Applies teaching and learning principles in providing patient and family education.
Incorporate patient teaching into daily patient care. Evaluate the effectiveness of patient teaching plans.

Self-Management

The graduate will organize aspects of care with the assistance of health team members for individual patients and families for whom one is accountable.

Develops a schedule for the delivery of patient care. Modifies a schedule for the delivery of patient care.
Completes patient care in a timely manner with assistance. Completes patient care in a timely manner independently.

Professional

The graduate will demonstrate accountability for own practice under the direction of health professionals, using ethical and legal parameters of nursing practice.

Identifies the role of the practical nurse in various health care environments. 

Practices within the role of the practical nurse as identified by State guidelines.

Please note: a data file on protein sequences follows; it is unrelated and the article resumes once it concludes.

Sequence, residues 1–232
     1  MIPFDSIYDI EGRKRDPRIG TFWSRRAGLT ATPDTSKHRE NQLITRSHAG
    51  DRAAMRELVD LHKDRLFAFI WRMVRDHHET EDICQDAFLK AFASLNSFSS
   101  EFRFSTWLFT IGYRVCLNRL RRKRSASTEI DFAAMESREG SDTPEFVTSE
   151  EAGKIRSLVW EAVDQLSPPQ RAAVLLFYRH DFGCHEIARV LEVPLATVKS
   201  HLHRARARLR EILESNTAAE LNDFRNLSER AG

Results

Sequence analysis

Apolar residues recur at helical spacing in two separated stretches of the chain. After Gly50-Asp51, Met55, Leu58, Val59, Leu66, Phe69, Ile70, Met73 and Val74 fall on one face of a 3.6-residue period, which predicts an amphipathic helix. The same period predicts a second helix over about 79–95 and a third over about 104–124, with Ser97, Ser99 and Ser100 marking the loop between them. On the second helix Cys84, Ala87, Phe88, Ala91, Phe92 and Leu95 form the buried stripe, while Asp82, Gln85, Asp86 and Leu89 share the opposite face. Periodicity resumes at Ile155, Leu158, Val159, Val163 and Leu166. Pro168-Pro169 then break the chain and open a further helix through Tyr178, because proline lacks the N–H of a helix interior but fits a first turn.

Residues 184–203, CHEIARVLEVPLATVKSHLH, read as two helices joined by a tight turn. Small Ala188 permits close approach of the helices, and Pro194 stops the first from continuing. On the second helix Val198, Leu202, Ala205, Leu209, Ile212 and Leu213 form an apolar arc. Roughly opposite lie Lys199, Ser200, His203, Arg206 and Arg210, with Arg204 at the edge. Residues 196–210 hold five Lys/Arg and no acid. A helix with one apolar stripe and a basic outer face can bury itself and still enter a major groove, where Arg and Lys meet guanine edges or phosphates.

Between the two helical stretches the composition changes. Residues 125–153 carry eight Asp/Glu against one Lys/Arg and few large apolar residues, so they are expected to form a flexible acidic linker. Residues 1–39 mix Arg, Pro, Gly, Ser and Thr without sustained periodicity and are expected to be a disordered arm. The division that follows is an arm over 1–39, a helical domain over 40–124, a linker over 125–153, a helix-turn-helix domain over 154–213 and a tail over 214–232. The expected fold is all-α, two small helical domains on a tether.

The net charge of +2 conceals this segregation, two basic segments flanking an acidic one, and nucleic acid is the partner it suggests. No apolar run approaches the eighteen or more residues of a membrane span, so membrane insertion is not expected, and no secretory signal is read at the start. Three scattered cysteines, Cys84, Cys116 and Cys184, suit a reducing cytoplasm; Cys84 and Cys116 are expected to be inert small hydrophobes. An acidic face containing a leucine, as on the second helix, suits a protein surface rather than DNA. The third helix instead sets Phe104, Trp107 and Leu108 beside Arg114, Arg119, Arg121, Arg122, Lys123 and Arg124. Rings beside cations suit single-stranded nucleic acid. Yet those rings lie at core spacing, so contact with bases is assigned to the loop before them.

Describes policies and procedures within the health care environment.

Provides all patient care within defined policies and procedures.
Explains what accountability for practice means as it applies to care of the patient.

Demonstrates accountability for practice in all aspects of patient care.

Identifies behavior that reflects legal and ethical standards of practice. Demonstrates consistent behavior that meets legal and ethical standards of practice.

Practical Nursing program model schedule

Practical Nursing Program Model Schedule
Course Title Credit hours Contact hours Success markers Sequencing navigator
BIO 160* Anatomy and Physiology for Health Care Professionals 4 5 1  
HE 101 Math Related to Drug Administration 1 1 1